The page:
Want to help writers in recovery get their words into print? Join authors Lily Dunn and Zoe Gilbert, and their contributors to give exciting new, emerging, and established writers a platform.
What’s this book about?
What is recovery? We’ll all experience it at some point in our lives, whether from addiction, physical illness, mental health issues or loss. Many of us heal, and we may discover ways to live with our changed selves, to reclaim a life. We may find a new voice, or unearth a voice that has been submerged.
All lives are precious; some are wild. For some of us, that wildness becomes a memory, a story to be told. For others, it springs from ordinary things: the change of seasons or reuniting with loved ones. Mary Oliver asks: ‘Tell me, what is it you plan to do with your one wild and precious life?’ This kind of wildness takes courage and self-preservation.
Vitally, recovery can mean community. We recognise our specialness in our similarity. This anthology represents a community of writers – new, unheard voices alongside emerging and established authors. Stories from the dark back alleys, the deep crevices of the mind, and from the wild, ecstatic heights of life before, during and after recovery. These are voices that urgently need to be heard, in all their funny, painful, powerful variety.
This project began in a small classroom on Mare Street, Hackney, with a group of recovering addicts keen to learn creative writing. Their teacher, Lily Dunn, was a writer in her own recovery from grief after her father’s premature death from alcoholism. Three months voluntary teaching became a year of Arts Council-funded sessions. The group grew, wrote, shared, and kept returning to tell their stories. Lily and her teaching partner, Zoe Gilbert, made a national callout, broadening the remit to include tales of recovery from physical and mental illness, as well as addiction: this anthology is the result.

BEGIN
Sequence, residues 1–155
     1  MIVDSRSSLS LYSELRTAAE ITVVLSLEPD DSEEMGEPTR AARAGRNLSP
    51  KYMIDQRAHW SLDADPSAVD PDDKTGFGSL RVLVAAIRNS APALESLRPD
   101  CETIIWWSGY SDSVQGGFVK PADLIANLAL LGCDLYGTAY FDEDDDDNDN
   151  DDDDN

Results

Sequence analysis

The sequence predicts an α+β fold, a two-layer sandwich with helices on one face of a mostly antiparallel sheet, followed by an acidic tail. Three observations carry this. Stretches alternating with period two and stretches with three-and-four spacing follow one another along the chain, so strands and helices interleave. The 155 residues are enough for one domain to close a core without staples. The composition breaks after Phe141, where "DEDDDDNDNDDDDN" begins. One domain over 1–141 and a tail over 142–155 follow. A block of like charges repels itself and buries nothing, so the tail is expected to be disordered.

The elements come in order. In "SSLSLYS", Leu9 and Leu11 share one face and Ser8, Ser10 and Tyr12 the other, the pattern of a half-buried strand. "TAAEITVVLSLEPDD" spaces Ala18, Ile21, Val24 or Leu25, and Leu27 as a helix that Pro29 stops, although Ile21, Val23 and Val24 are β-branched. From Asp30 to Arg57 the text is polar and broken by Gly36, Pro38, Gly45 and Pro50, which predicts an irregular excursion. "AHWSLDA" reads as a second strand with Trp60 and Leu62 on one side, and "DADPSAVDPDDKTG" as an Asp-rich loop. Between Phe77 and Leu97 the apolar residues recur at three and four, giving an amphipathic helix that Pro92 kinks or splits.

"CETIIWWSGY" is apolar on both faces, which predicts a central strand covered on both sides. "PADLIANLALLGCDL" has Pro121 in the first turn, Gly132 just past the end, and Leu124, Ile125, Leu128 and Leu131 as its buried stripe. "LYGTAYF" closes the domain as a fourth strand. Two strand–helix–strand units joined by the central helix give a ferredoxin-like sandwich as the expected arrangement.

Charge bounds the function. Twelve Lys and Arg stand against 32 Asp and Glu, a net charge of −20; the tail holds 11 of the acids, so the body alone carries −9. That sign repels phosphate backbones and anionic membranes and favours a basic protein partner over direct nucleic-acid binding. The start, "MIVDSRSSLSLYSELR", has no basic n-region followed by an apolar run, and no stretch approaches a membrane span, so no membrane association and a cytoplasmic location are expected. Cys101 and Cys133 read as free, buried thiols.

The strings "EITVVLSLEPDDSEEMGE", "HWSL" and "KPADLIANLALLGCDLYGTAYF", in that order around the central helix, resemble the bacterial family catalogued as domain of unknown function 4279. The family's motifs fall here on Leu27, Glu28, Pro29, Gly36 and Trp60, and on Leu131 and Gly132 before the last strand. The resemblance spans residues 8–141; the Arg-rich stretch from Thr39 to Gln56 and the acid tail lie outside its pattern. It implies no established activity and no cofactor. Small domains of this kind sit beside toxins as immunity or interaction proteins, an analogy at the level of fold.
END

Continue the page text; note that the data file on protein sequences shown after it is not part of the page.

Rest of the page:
Almost two years later, the creative writing classes at Hackney Recovery Service are still going strong.
Why is this book important?
Many of the students in the Hackney Recovery Service group wrote every day, yet didn’t consider themselves writers. But with the chance to develop their craft, and with the prospect of seeing their work in print, they improved hugely. This anthology started as a literary venture, to mentor writers and help them reach a high standard and feel at ease alongside more established voices.
What they all have in common are extraordinary stories, explored through fiction, poetry and life writing. What also unites them is the recognition that writing is part of their recovery. This book celebrates that. But it also celebrates their right to see their work in print, and our passionate belief that these stories are important.
These are tales from the underground, by mostly underrepresented voices, that deserve recognition in our community.
Recovery can be a humbling experience. Most of us have been touched by addiction or mental or physical illness. What better medium to explore this concept than an anthology, where all stand together.
A Scottish family who laughs its way through destitution and debauchery
A song to an addict, now passed
The power of words to destroy and to heal
Beaten but not yet dead
A girl waking up in her hospital bed ready to face her anorexia
The devil in a Safeway car park
And many more.
The poetry and prose in this anthology have been selected by authors and poets, not only for the importance of their subjects, but for their literary value. With such a huge range of submissions, the editors were able to choose pieces that tackled recovery from an oblique angle. This creates a space between the story told and its teller, through exploration of language, surprising humour, or psychological enquiry.